- Floods in Mississippi to affect 10 percent of the state’s oil industry
- Worst first half of the year for weather-related costs on record
- Disasters will affect insurance premiums throughout the country
The U.S. has suffered five billion dollars in weather related damage in 2011 so far – the highest ever recorded for a half year.
Tornadoes, blizzards, floods and storms have inflicted record costs because of their severity and their location – hitting populous areas such as Memphis, Tennessee, Raleigh, North Carolina, and Tuscaloosa, Alabama.
And for those who think they have escaped the worst, experts are now predicting Americans can expect rising insurance premiums as a result of the huge number of claims that continue to roll in.
Steve Bowen, a meteorologist who tracks weather disasters, told USA Today: ‘This has been an incredibly active start to the year.’
Mr Bowen lists three billion-dollar disasters in April alone – excluding the ongoing Mississippi River flooding and a blizzard that struck the Midwest and Northeast from January 31 to February 2.
Both are expected to cost more than $1 billion – the amount the federal government uses as the threshold to highlight the most severe weather disasters.
Robert Hartwig, president of the Insurance Information Institute, said storms this year had: ‘Produced significant damage, disruption to business and closures and increased car accidents.’
This year’s astronomical costs follow three record-breaking years, where thunderstorms and tornadoes alone have cost Americans $10 billion in annual damage.
Mr Hartwig added: ‘It looks like 2011 is perhaps going to set perhaps a new record.’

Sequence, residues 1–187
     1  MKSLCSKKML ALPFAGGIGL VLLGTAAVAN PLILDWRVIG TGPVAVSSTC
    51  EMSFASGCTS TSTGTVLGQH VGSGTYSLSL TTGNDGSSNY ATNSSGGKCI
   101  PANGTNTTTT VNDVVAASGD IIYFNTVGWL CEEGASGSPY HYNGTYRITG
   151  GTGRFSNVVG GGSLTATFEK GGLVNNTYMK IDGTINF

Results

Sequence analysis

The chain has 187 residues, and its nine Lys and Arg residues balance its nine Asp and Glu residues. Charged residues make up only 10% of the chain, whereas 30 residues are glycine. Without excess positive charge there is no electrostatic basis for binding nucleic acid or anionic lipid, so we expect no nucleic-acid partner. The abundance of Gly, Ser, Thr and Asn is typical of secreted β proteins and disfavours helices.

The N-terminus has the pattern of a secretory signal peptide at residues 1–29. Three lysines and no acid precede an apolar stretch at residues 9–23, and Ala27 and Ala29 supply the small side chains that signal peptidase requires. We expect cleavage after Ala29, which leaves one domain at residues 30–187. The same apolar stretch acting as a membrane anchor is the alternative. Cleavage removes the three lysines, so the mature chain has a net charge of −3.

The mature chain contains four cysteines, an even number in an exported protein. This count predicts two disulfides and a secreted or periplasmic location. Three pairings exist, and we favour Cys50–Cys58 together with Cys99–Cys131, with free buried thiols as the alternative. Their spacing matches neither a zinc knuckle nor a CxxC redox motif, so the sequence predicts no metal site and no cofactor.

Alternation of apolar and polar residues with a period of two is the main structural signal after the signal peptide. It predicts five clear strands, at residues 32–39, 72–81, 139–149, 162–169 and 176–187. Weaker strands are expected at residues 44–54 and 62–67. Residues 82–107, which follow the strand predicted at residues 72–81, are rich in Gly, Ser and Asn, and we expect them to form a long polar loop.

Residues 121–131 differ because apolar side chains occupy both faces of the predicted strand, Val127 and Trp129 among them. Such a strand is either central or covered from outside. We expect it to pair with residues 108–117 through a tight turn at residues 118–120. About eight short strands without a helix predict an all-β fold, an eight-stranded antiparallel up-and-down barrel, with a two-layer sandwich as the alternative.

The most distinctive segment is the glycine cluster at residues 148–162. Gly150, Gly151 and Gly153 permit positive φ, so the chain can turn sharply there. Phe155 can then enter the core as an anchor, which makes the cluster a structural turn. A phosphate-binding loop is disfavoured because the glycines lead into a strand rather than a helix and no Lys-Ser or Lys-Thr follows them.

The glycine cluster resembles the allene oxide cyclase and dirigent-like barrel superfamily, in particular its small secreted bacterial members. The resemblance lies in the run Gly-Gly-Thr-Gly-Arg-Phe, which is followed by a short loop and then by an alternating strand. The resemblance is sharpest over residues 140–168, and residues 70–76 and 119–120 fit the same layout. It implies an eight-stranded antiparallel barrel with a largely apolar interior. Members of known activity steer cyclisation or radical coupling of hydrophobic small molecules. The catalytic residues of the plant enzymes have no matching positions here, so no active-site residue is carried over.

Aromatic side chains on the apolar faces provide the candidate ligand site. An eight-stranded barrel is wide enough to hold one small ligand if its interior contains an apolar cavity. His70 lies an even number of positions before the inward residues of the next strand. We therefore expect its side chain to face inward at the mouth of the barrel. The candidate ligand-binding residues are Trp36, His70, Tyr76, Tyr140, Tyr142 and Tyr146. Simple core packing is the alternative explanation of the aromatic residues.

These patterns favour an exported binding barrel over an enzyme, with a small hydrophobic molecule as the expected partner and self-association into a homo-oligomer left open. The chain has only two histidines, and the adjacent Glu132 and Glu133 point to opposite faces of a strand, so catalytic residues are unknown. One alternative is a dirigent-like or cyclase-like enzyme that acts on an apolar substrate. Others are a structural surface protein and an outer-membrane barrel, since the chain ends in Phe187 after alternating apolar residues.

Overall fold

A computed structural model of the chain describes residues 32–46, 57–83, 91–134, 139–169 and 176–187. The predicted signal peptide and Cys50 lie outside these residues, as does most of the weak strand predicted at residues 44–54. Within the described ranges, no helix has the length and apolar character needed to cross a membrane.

The previous annual record breaker was in 2008, when nine billion dollars worth of damage was caused by the weather.
In that year only two disasters had hit by May.
The results, from the National Climactic Data Centre, date back to 1980.
Using information from insurers, state emergency-management centres and federal agencies, the centre is one of the most accurate methods of calculating the overall cost of weather related damage.
The news comes as rising floodwaters of the Mississippi River continue to threaten towns and farms between Memphis and the Gulf of Mexico, affecting up to 10 per cent of Louisiana’s onshore crude oil production.
A total of 2,264 oil wells are responsible for about 19,000 barrels of crude a day and more than 150 companies are preparing for flooding in a four-parish area in the southern part of the state.
For weeks, the Mississippi and Ohio rivers, swollen by heavy rain and melted snow, have been inundating cities and towns, flooding cropland and disrupting shipping.
The Ohio rose to 61.72 feet, a record in Cairo, Illinois, before joining the Mississippi.
The threat of that flood reaching Baton Rouge and New Orleans has the Mississippi River Commission considering opening the 125 gates of the Morganza Floodway.
The flood has shut 17 of Mississippi’s 19 river-based casinos in the U.S.’s third-largest gaming-employment market, jeopardizing thousands of jobs and $13 million a month in taxes.
Flooding will slow the state’s recovery from a recession two years ago, already lagging behind the U.S.